Beyoncé reveals ‘Renaissance’ album cover and fans are comparing it to this masterpiece

Published July 5, 2022, 10:25 AM

by John Legaspi

Here’s the story behind John Collier’s ‘Lady Godiva’ painting

A week ago, Beyoncé gave fans a tease of what’s to come with her upcoming album “Renaissance” with the release of the song “Break My Soul.” Sure enough, the global Beyhive is buzzing about the new anthem. This time, the “Lemonade” singer unveils the album’s cover. Captured by photographer Carlijn Jacobs, Beyoncé is seen wearing a metallic look atop a luminous horse.

“Creating this album allowed me a place to dream and to find escape during a scary time for the world. It allowed me to feel free and adventurous in a time when little else was moving. My intention was to create a safe place, a place without judgment,” Beyoncé wrote in the caption. “A place to be free of perfectionism and overthinking. A place to scream, release, [and] feel freedom. It was a beautiful journey of exploration. I hope you find joy in this music. I hope it inspires you to release the wiggle. Ha! And to feel as unique, strong, and sexy as you are.”

While the 40-year-old Grammy-winning artist didn’t mention any reference for the cover art, fans have been commenting online about the image’s resemblance to the 1880/1898 “Lady Godiva” painting by John Maler Collier, OBE. The artwork centers on the apocryphal ride of Lady Godiva, the wife of the Earl of Mercer and Lord of Coventry, Leofric.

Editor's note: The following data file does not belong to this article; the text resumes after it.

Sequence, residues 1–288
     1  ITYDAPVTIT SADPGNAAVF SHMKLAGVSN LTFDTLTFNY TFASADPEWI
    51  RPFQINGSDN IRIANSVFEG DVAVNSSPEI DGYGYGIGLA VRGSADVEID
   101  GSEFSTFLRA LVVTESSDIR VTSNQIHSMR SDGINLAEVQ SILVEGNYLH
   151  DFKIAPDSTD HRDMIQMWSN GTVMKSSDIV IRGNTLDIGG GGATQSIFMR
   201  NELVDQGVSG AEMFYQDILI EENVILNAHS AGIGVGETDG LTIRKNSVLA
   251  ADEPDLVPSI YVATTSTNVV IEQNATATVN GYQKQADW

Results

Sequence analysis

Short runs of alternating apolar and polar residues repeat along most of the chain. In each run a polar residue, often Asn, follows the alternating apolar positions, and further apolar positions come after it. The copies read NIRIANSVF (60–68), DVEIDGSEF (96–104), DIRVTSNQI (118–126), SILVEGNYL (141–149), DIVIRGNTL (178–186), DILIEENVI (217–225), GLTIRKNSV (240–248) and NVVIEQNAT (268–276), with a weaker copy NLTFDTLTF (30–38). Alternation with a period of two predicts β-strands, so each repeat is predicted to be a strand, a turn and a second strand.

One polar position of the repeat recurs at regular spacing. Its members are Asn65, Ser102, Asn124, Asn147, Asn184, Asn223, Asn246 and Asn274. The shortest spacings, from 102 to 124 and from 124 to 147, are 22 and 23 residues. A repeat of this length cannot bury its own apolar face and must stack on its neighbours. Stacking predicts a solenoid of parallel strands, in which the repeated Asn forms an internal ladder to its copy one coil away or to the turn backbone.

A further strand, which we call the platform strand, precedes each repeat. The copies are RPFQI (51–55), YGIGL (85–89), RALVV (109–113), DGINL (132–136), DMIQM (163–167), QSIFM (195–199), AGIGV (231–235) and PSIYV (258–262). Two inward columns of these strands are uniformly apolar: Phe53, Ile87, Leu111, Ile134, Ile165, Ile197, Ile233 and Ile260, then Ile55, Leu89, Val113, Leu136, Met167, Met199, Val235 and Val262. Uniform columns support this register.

1880/1898 ‘Lady Godiva’ painting by John Maler Collier, OBE

According to the legend, Lady Godiva begged Leofric to stop putting heavy taxes on the people of Coventry. Her husband would only agree to it if she rode naked through the town. And the woman did. Lady Godiva went on a stroll while riding a horse in the nude, only her long tresses covering her body. According to a story by the BBC, the streets were silent as people remain indoors and didn’t watch her, except for one man, Peeping Tom, who, before he could gaze on Lady Godiva, was immediately struck blind as a punishment.

Apart from Collier, other artists such as Edwin Landseer and Alfred Woolmer have produced artworks inspired by the legend. The 1880/1898 painting is now part of Coventry’s The Herbert Art Gallery and Museum’s collection. Discover more about the collection here.

Photo credits: Banner image from @beyonce on Instagram; 1880/1898 “Lady Godiva” painting image from Google Arts and Culture.


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